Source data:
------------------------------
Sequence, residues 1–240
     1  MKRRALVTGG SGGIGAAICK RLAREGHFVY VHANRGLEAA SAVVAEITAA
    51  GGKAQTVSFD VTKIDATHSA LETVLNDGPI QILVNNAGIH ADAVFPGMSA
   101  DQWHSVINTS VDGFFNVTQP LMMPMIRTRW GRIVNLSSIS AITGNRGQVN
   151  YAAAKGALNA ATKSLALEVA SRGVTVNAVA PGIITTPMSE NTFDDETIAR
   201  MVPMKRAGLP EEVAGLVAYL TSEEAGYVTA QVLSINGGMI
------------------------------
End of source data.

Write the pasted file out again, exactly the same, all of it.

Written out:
Sequence, residues 1–240
     1  MKRRALVTGG SGGIGAAICK RLAREGHFVY VHANRGLEAA SAVVAEITAA
    51  GGKAQTVSFD VTKIDATHSA LETVLNDGPI QILVNNAGIH ADAVFPGMSA
   101  DQWHSVINTS VDGFFNVTQP LMMPMIRTRW GRIVNLSSIS AITGNRGQVN
   151  YAAAKGALNA ATKSLALEVA SRGVTVNAVA PGIITTPMSE NTFDDETIAR
   201  MVPMKRAGLP EEVAGLVAYL TSEEAGYVTA QVLSINGGMI